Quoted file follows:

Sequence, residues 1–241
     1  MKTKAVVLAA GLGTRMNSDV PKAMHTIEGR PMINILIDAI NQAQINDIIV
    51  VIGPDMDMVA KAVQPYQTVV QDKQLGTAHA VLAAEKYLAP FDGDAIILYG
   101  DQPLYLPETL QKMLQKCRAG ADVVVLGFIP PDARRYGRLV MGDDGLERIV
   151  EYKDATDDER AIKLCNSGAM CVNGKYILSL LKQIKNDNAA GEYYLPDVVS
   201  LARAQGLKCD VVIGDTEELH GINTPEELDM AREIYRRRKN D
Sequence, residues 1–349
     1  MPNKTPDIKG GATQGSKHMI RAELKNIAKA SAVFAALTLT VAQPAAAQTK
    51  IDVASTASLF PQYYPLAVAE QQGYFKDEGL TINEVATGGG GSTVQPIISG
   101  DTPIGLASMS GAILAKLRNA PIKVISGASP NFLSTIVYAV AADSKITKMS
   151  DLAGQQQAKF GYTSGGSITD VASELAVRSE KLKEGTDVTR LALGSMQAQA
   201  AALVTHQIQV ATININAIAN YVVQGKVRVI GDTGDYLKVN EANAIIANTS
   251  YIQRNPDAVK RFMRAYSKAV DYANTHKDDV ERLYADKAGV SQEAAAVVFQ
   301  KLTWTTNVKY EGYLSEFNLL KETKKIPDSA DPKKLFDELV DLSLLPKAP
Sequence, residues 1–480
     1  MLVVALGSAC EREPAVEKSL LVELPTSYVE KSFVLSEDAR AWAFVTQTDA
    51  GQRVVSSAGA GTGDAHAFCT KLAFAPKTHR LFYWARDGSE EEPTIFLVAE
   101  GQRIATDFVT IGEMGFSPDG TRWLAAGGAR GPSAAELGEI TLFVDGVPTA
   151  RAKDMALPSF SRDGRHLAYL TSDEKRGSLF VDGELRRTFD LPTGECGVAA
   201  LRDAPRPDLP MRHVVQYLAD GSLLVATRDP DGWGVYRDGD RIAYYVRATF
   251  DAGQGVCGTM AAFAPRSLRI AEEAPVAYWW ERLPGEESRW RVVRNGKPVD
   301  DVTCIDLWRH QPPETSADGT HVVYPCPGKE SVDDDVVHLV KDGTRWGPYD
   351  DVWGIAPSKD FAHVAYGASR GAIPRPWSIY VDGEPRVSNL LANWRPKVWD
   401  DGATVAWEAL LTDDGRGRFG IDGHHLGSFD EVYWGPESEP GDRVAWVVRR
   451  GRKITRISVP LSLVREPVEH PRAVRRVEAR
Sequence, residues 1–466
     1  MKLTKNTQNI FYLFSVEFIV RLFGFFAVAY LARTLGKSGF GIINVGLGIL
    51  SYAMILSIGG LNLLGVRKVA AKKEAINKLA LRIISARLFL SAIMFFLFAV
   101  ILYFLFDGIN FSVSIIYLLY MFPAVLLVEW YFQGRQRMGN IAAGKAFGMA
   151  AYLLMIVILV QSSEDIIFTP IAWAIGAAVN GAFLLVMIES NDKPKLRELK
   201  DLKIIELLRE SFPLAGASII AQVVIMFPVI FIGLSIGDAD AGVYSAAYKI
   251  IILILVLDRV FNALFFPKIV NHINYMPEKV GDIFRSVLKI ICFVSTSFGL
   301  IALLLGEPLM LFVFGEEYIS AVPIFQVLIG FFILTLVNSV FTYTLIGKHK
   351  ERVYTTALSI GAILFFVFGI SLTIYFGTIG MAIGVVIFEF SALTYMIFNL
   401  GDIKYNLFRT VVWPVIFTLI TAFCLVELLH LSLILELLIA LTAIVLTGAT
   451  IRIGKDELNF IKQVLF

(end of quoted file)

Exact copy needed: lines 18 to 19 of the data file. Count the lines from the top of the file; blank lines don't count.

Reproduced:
   101  GQRIATDFVT IGEMGFSPDG TRWLAAGGAR GPSAAELGEI TLFVDGVPTA
   151  RAKDMALPSF SRDGRHLAYL TSDEKRGSLF VDGELRRTFD LPTGECGVAA